Biostatisticians not engaged early enough in oncology adaptive trial design discussions, delegates at Arena International say
Arena International’s Clinical Operations in Oncology Trials West Coast 2018 just wrapped up this week, and the roundtable exploring adaptive trial designs in oncology saw a focus on the sometimes overlooked role of focused statistician engagement when designing these studies. It appears companies, particular smaller firms with low resources, are not engaging the right statistical expertise early on. Specialist biostatisticians are often coming on board too late, when the need arises to rectify and resurrect failed trials.
Delegates on the roundtable included those from small pharma, big pharma, specialty CROs, big CROs, trial vendors and consulting firms, and questions rather than answers fueled the discussion. Two of the delegates spoke to this news service on the sidelines of the conference.
Despite it being ideal for statisticians to come in at the start of a program — even at the hypothesis stage — it is not the typical practice, Natasa Rajicic, senior director, Cytel, a biostatistics consulting firm based in Cambridge, Massachusetts. Instead, sponsors often outsource statistical responsibilities to CROs in a more pay-for-service model that covers a more basic and general statistical review of the sample size, she said. It is common for sponsors to bring in the biostatistician consultation after the end-of-Phase II meeting, she noted, adding many companies come to Cytel for consulting advice when they are too far progressed.
Lyne Cantin, clinical research manager, Stiris Research, a specialized oncology CRO based in Canada, said her firm has learnt the importance of leveraging biostatisticians early on in the dialogue to develop clinical trial programs. The standard way to approach trial statistics is to engage a statistician at the end of the trial protocol design process to calculate the sample size, she said, but biostatisticians have the potential to offer much more.
Biostatisticians bring a different perspective that could potentially enhance the study design, and they could be particularly helpful in informing the trial hypothesis if they understand disease and patient response variabilities, Cantin said. Keeping statisticians distant from protocol and hypothesis discussions and confining them to running the numbers needs to change. In fact, involving them earlier might actually impact their evaluation on patient powering, she said.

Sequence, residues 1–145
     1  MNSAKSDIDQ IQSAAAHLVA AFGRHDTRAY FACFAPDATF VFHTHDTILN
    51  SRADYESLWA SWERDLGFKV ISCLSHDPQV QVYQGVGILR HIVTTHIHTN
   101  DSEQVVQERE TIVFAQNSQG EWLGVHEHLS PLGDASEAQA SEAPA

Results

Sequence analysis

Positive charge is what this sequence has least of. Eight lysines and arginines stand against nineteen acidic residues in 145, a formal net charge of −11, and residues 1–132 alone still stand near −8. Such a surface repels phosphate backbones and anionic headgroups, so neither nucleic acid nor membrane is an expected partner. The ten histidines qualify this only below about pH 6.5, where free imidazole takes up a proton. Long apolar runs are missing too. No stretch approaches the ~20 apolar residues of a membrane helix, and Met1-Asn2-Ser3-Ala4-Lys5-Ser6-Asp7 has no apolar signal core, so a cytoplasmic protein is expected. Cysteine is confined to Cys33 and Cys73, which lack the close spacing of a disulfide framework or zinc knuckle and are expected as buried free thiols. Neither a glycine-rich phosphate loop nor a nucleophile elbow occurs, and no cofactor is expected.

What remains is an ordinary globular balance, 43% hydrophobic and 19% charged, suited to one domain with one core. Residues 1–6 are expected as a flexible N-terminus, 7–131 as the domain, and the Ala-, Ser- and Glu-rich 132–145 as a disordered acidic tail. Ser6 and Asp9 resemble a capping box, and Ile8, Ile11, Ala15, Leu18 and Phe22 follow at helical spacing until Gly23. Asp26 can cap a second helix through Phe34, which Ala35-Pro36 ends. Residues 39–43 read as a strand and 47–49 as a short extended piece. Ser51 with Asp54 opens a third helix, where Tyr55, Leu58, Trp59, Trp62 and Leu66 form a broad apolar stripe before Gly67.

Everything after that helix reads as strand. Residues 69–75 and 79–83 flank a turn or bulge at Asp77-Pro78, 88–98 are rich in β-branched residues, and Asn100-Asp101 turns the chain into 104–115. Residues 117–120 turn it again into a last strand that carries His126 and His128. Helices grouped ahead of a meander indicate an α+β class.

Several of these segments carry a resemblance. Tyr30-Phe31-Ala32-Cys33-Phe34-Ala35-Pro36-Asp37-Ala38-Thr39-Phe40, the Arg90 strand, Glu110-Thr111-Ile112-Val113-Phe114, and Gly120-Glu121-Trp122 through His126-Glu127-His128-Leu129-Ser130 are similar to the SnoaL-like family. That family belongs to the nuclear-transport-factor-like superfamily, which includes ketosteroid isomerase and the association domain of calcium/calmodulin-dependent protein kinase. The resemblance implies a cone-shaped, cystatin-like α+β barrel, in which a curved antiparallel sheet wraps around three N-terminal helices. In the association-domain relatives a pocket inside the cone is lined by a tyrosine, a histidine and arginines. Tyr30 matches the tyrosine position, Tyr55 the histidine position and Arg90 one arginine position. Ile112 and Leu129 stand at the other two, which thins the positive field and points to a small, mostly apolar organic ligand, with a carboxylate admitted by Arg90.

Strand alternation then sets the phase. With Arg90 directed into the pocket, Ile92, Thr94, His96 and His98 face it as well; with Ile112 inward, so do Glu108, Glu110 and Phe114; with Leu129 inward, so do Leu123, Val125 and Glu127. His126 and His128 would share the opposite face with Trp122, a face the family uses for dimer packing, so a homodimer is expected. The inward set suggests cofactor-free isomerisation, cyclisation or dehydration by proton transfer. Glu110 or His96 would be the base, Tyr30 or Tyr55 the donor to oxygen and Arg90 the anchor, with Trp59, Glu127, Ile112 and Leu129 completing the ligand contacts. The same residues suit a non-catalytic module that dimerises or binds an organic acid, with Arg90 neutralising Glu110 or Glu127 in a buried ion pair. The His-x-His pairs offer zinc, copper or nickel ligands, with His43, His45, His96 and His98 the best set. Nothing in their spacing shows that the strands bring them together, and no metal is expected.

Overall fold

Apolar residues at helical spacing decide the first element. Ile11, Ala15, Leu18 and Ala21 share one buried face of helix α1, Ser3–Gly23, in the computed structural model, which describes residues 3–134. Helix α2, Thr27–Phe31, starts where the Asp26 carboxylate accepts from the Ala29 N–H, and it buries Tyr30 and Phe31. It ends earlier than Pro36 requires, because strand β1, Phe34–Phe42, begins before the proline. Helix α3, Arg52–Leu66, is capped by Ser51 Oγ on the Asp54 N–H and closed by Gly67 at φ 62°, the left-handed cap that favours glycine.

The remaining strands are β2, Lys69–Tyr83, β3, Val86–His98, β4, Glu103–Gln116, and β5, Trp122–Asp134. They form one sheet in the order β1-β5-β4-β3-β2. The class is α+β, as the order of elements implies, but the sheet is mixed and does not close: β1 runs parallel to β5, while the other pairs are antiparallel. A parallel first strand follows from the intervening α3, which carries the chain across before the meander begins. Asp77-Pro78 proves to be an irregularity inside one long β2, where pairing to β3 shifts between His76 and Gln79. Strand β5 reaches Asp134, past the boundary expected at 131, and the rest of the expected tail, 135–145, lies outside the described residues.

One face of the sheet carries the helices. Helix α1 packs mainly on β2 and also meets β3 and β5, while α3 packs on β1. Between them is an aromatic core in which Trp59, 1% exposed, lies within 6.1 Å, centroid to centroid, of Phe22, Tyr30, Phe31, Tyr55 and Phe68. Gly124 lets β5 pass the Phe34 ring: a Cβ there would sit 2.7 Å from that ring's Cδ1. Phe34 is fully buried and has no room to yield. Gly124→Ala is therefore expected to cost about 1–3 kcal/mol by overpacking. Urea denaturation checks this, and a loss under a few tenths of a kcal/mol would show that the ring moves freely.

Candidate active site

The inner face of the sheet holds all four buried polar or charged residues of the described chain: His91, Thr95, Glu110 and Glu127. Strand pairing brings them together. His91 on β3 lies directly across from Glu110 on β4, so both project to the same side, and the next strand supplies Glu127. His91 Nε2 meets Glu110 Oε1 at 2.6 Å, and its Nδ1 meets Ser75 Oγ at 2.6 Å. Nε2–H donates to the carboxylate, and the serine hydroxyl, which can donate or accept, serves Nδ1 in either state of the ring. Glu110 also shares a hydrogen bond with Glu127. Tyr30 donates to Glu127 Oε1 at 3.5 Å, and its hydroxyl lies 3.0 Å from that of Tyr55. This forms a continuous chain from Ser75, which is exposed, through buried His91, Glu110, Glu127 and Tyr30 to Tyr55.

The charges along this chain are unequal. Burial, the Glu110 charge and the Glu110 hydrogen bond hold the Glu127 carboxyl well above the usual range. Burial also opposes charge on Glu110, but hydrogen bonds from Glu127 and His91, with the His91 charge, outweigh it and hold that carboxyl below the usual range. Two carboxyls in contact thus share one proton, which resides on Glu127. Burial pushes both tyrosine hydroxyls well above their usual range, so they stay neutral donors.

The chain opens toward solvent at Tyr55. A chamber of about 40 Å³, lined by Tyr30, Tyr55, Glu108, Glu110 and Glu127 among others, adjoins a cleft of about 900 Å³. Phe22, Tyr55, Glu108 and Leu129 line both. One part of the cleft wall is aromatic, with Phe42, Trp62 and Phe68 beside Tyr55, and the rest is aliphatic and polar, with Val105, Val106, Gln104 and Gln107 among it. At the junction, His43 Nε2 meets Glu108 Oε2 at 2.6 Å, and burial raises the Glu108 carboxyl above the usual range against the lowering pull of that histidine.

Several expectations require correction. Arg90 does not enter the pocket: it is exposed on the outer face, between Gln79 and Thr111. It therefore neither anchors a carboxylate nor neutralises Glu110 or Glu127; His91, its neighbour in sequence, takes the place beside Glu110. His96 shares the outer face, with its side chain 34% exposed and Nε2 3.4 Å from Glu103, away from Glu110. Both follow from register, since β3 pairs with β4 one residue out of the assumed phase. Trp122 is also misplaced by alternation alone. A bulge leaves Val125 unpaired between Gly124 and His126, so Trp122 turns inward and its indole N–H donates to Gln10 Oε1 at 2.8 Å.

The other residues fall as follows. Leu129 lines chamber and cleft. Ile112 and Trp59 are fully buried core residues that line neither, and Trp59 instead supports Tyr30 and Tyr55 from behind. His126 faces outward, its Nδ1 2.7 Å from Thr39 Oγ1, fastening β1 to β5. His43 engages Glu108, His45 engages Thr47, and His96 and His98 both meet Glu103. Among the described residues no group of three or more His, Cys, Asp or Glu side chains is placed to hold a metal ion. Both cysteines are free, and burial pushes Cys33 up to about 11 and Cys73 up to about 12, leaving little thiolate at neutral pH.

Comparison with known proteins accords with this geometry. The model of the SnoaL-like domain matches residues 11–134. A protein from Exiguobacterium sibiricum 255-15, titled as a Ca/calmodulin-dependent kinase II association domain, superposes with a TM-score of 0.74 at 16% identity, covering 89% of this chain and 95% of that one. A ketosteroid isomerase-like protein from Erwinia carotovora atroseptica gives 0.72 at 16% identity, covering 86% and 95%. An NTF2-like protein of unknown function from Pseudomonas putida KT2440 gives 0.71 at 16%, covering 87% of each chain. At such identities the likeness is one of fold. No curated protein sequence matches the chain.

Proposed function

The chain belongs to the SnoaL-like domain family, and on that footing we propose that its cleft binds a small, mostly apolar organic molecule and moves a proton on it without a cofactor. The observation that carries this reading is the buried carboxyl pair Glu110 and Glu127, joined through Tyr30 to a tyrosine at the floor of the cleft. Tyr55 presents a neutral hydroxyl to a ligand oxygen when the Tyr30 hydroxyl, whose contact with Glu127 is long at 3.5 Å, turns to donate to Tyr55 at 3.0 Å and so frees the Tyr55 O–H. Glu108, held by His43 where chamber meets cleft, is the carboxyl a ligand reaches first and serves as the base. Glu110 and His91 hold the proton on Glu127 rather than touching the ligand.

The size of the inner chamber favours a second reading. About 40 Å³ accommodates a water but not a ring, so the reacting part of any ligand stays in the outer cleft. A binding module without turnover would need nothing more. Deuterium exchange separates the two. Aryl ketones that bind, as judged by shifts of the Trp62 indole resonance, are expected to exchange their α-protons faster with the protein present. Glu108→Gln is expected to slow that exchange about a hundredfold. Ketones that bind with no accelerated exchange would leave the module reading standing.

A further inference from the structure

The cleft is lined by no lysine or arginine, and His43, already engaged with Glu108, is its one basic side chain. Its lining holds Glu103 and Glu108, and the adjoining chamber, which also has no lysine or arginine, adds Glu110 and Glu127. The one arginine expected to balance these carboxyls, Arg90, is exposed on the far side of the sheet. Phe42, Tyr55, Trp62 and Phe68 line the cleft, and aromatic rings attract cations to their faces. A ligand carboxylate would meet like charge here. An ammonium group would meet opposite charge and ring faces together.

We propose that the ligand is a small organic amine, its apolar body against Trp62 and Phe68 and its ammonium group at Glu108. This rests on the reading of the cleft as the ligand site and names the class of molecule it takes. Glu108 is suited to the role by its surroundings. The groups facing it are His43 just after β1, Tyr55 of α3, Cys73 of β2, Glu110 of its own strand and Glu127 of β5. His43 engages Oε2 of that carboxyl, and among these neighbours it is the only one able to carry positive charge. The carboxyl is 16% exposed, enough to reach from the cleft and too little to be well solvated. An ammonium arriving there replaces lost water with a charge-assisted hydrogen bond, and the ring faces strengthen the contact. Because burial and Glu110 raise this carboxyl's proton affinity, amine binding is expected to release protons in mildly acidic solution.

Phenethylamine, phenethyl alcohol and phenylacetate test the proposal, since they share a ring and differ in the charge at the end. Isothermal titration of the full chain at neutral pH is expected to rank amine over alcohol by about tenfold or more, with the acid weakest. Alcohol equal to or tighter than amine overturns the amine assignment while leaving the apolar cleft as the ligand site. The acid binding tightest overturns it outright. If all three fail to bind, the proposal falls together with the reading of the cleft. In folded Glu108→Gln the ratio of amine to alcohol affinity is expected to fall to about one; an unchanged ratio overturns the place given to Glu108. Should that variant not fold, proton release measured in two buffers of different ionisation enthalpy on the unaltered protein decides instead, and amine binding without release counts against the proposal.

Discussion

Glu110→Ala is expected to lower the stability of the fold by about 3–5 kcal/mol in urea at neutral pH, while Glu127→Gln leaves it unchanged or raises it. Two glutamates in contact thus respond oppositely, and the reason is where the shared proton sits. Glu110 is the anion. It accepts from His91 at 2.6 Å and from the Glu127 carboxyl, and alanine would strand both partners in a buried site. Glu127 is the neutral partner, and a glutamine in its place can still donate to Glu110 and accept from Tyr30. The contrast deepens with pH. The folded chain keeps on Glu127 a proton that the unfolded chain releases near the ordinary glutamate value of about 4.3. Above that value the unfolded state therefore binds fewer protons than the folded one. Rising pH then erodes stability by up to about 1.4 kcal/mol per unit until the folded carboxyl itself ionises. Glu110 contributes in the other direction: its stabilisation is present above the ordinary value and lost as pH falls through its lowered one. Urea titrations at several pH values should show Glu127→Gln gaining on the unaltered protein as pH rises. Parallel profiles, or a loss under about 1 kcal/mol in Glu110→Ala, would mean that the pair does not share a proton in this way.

Rajicic has prior experience at Pfizer (NYSE:PFE), where the pharma giant had a dedicated statistics team involved in early trial design dialogue with clinical operations and pharmacology teams. However, she said, this was a relatively unique structure and culture. Smaller companies also do not have the luxury of such resources, she noted.
A number of CRO and small biotech delegates are dealing with navigating the FDA, which is often rigid on approvals. They are also trying to avoid penalties when tweaking protocol designs mid-trial, which raises the possibility of needing to increase sample sizes. While the term “adaptive design” gets thrown around a lot and often is a buzz word, there are different ways to design an adaptive trial. This might involve sample size restoration, changing dose selection, changing allocation randomization, dropping arms, changing endpoints and changing the hypothesis or population, explained Rajicic. What cannot change is messing around with the analysis plan, she noted.
The FDA stated on 5 February — at a workshop held at Duke University — that it is willing to accept clear prespecified plans with trial changes noted upfront, Rajicic said. The most important consideration is to have a prespecified plan with the regulator and decide why a trial adaptation is needed and what it will try to achieve by changing the path mid-trial, delegates noted during the roundtable.
In terms of ultimate label goals and having those at the forefront of discussions when designing trials, delegates noted the need for a pre-emptive strategy that may involve changing labels after interim analyses, when patient populations need to be modified. At the end of the day, this is a lot easier said than done and will require a comprehensive and earlier dialogue between sponsor, clinicians, trial coordinators and statisticians.
by Surani Fernando in California
About Surani Fernando
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